Another lake that I have enjoyed while fishing with the Penn State Team is Smith Mountain Lake in Virginia. That lake is absolutely beautiful and is also a great fishery. I’ve traveled all over the North East with the Penn State Team, and have loved every single lake we have visited.
What is your most proud moment as a collegiate angler?
My biggest moment as a collegiate angler is easily my partner and I’s victory in the FLW Northern Conference Event on Chautauqua Lake July 23rd, 2016. It was such an awesome event. I am so proud of that victory because it proved to me that I can compete on a collegiate level.
All of the guys in the club kept telling me that I was going to win days before the tournament started because of how often I fish that lake. I have to give a shoutout to one of my best friends, Billy Washell, for allowing me to stay at his lake house and fish on my favorite lake all year.
When the event finally came, I had a good morning but then the bite died off. I ran around to my favorite spots but the fish just weren’t there. With about an hour left I made a game time decision to go back to my big fish docks and the fish were stacked in there. I filled out our limit and culled a few fish before it was time to weigh in. Once we took first and I saw that we were going to win, I was overwhelmed. It was the most surreal moment of my life.
What are three things about fishing that you have learned as part of the club?
The first big lesson I have learned while being apart of the Penn State Fishing Team is that the collegiate anglers care about one another. It’s all a big family, not just in my club, but in all clubs across the country. Anglers will help each other with boat breakdowns and various other problems a tournament angler can run into throughout the day.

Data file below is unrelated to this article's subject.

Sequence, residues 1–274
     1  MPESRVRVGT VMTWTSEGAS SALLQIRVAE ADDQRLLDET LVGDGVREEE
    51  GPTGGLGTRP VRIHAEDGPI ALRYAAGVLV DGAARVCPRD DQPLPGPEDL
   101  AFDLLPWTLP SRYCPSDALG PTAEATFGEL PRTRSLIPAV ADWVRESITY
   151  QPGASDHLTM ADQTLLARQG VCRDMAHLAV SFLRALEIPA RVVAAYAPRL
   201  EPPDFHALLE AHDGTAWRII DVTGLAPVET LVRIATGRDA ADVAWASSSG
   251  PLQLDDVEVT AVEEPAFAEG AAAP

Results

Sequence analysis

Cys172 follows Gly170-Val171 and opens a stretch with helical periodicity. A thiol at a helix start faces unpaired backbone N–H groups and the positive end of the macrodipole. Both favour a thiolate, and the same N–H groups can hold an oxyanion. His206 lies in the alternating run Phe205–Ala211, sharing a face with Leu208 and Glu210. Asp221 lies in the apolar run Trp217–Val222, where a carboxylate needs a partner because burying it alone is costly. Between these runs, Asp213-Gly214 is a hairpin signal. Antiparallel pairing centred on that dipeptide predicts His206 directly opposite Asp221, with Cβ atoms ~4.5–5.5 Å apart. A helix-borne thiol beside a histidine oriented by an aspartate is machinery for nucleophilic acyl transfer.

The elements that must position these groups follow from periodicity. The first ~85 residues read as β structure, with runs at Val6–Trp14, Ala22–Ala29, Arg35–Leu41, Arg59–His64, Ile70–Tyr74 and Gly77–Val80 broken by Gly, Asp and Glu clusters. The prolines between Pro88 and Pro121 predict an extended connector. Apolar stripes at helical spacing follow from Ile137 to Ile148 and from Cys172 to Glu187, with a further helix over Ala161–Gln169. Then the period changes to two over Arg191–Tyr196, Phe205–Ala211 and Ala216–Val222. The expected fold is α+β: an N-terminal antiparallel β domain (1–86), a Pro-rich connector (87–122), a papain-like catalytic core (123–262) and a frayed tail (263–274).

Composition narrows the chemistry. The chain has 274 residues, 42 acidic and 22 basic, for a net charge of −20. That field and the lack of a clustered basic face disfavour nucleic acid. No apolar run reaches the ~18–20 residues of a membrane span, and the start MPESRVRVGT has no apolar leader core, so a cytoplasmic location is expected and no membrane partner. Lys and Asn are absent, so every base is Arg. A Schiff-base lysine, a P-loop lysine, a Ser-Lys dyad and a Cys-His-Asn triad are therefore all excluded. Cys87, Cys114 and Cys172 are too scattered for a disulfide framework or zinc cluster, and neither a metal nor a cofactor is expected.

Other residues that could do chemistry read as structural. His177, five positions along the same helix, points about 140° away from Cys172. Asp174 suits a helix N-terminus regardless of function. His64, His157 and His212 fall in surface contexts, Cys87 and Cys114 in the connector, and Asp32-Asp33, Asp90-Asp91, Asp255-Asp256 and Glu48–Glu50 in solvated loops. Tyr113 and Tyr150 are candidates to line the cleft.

The second lesson I l learned in this club is how to fish partner tournaments effectively. I hadn’t fished many partner tournaments prior to joining and since I have joined I have fished many different buddy tournaments. I love the style of buddy tournaments, I find that it makes the tournament even more enjoyable when you’re able to fish with your best friends.
The final lesson I learned while being a part of the club is that every single person in the club is my best friend. We all talk every single day, we joke around, and talk fishing all of the time. As the Tournament Team Captain, I have been blessed to be able to call many of the guys in the club my best friends, and my brothers. As I said earlier, the bass fishing world is one big family.
If someone is interested in joining a bass fishing club when they get to college, what advice do you have for them?
My advice for someone who is looking to join a bass club when they enter college is to go to social media. That’s the route I chose and it worked incredibly well. We have a ton of messages every August about people who are interested in joining the club.
If you want another route, go to the campus’s involvement fair. We have a table set up every semester to help grow our brand and try to get students to show some interest in our club. It works incredibly well, we have a record number of members every semester.
My final thoughts for those interested in joining a bass fishing club in college is to go for it. If you have even an ounce of interest, try it. You will not regret your decision.
Like I said, these Penn State students are impressive. I should state, before I come across too bias, that Penn State doesn’t stand alone in having fantastic students, especially since I work for a different Pennsylvania University. The Northeastern part of the US and Eastern Canada have so many great institutions of higher learning with young anglers in their classrooms.
So regardless of your favorite University, I think we can all agree that Derek is a great example of why the future of fishing is very bright!